Ramaphosa: Radical economic transformation must make all feel part of SA


Radical economic transformation and inclusive growth are the same thing, President Cyril Ramaphosa said on Thursday evening during a live interview on 702 and CapeTalk by Xolani Gwala.

He pointed out that radical economic transformation was ANC policy. This must include economic growth in townships and the involvement of black-owned business.

“Underpinning what we are about, is [the advancement of] black people previously kept behind, but in the process, [also making everyone] feel that this is a South Africa for all of us,” said Ramaphosa.

He said this was what the government was currently doing in relation to the land issue.

“We are saying we need to correct what was done incorrectly in the past. It is ANC policy and deeply embedded in our actions and in our hearts,” said Ramaphosa.

Asked about SA having been downgraded by ratings agencies, Ramaphosa said SA is currently facing a “rather difficult economic situation” but is not the only country that has been downgraded by ratings agencies.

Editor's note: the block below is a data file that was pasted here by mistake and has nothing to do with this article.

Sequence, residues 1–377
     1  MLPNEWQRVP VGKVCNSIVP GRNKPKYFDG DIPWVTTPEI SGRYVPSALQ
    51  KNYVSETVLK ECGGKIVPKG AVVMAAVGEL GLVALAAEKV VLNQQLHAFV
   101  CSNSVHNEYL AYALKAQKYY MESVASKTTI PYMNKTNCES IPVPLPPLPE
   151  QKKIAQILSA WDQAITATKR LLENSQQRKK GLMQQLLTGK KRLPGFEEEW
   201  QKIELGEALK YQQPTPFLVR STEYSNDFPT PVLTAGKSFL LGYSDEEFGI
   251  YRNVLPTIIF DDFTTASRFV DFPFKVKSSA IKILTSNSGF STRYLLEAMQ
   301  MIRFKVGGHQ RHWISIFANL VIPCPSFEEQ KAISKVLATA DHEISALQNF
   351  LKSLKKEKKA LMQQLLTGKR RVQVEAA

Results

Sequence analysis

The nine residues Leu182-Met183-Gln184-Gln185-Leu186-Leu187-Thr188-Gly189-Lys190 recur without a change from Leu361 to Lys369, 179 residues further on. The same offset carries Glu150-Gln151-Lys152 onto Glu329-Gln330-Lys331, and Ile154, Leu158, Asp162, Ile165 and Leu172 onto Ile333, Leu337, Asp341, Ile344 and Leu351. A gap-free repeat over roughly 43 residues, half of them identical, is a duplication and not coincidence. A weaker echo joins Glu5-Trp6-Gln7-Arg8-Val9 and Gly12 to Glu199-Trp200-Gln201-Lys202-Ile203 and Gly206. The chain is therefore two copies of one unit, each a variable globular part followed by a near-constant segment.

“We are working very hard. Ratings agencies are very important, because once you are downgraded, your debt becomes more expensive,” explained Ramaphosa.

“We want to get out of this downgrade situation and upgrade ourselves. We can only do that through inclusive growth, by having more drivers of economic growth.”

He said a lot of hard work has been done to build “compacts” between multiple role players, for instance on the national minimum wage. He said the jobs summit and the investment summit were both results of compacts that had been formed.

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“We are committed to increase collaboration. SA does not belong only to a few people. It belongs to all of us. That is why I am defining my role of president as one of collaboration, of building compacts to get as many South Africans as possible to engage with each other,” he said.

“Gone are the days where someone is sitting somewhere like an emperor issuing edicts.”

He said work is being done to create “concrete plans” to generate more economic growth, laying the foundation to deal with issues of concern. These included policy certainty needed regarding mining, telecommunications and in terms of the visa situation.

He added that a greater emphasis will also be placed on infrastructure on a large scale. For this a fund will be put together, he indicated.



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